If Hyundai's production cars get uplifting proper nouns as names (Elantra and Genesis, to name a few), the concepts haven't fared so well. Most of them have been given acronyms that identify where the cars were designed. In this case, HCD-5 means "Hyundai California Design" and 5 simply means it's the fifth concept out of that studio. Ho hum. If the name was meant to fade into the background, the exterior made no such attempt. A maze of flourishes both tough-looking and cutesy, the HCD 5 debuted at the 2000 Chicago Auto Show as one of the ugliest mugs to hit the Windy City since Scottie Pippen. I don't mean that simply because I take offense with some of the designer's brushstrokes -- although I certainly do -- it's because the design falls apart in its main mission: to communicate the car's values and mission.

When AOL Autos interviewed Mini's designer Gert Hildebrand in January of this year, he reminded us that cars should have a design that follows their purpose. If you have a car with a mission to be a tough truck, for instance, its design should either directly or indirectly remind the driver and those around him what that purpose is. The HCD-5 is just all over the place, with a sabertooth front end that communicates a tough, perhaps performance-based attitude (sort of). Yet the greenhouse and the rear windows approximate Snoopy's nose, ruining the credibility of the rest of the vehicle. What's worse is that each section of the car seems to have been designed on its own, with little regard to pulling it all together.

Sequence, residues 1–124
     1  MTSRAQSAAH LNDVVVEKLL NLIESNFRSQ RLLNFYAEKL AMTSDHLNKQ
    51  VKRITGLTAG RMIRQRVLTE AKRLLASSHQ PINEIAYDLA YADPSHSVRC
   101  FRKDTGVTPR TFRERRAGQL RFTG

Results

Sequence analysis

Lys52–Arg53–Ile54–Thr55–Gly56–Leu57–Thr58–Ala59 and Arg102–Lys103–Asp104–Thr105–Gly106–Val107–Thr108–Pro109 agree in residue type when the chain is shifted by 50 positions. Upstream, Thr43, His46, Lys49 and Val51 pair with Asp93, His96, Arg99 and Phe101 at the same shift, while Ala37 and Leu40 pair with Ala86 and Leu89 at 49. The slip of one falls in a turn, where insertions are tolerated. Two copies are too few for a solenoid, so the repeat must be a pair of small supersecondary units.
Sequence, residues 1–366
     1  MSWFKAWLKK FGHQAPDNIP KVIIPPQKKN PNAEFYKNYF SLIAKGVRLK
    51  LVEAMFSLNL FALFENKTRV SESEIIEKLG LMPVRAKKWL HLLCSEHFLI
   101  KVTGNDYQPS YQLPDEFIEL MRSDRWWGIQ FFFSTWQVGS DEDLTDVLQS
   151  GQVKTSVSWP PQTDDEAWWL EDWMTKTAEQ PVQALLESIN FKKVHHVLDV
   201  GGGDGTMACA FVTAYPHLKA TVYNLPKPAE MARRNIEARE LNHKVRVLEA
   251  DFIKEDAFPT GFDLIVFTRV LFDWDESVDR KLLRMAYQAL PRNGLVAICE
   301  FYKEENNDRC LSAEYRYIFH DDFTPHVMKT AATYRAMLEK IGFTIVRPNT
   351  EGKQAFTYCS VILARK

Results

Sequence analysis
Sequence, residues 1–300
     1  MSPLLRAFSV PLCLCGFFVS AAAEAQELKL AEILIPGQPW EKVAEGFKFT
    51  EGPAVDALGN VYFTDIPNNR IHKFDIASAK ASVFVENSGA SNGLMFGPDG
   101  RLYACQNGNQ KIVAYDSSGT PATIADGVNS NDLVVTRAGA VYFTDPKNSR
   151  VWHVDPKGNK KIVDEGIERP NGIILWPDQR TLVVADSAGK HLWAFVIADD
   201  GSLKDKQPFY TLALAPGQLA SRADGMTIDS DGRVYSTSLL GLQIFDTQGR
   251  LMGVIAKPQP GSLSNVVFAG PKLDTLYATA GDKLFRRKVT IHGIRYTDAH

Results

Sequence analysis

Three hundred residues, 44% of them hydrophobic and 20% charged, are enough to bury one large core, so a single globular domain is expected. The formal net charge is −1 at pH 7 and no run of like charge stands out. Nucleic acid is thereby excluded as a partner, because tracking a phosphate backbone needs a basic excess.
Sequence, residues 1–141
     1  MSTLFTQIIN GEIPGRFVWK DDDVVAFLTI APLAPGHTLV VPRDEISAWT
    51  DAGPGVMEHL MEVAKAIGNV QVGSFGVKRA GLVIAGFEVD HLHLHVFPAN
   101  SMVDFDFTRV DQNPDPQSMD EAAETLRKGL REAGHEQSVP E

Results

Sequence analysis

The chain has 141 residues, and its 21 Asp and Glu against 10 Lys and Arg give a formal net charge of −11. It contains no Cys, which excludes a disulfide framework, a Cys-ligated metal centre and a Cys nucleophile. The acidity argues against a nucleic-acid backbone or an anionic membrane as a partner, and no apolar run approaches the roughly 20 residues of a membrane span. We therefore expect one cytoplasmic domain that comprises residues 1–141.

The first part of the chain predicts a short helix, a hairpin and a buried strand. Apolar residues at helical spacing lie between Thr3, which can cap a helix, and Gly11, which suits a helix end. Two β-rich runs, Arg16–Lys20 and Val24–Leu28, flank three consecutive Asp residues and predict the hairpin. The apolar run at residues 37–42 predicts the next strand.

Hyundai's idea for the HCD 5 was to create a crossover, a "4-seat multi-purpose sedan with an emphasis on station wagon and SUV functions." Perhaps the best parts of the concept are the extremely thin A and C pillars, two areas that have grown thicker as manufacturers have attempted to build "safer" vehicles, all the while removing a good amount of visibility in the process.

I find the HCD-5 fascinating because it was such an abject failure, in marked contrast to the consistently show-stopping concepts and production cars Hyundai has given us over the last three years. Also, virtually none of what you see here ever made its way into a real production car -- strange for any company but especially for one as small as Hyundai was in 2000. At the time, Hyundai didn't even have an SUV for sale in the U.S. market (the Santa Fe, based on the Sonata, would not come out until the end of that year).

Sometimes you step up to the plate and just plain strike out.

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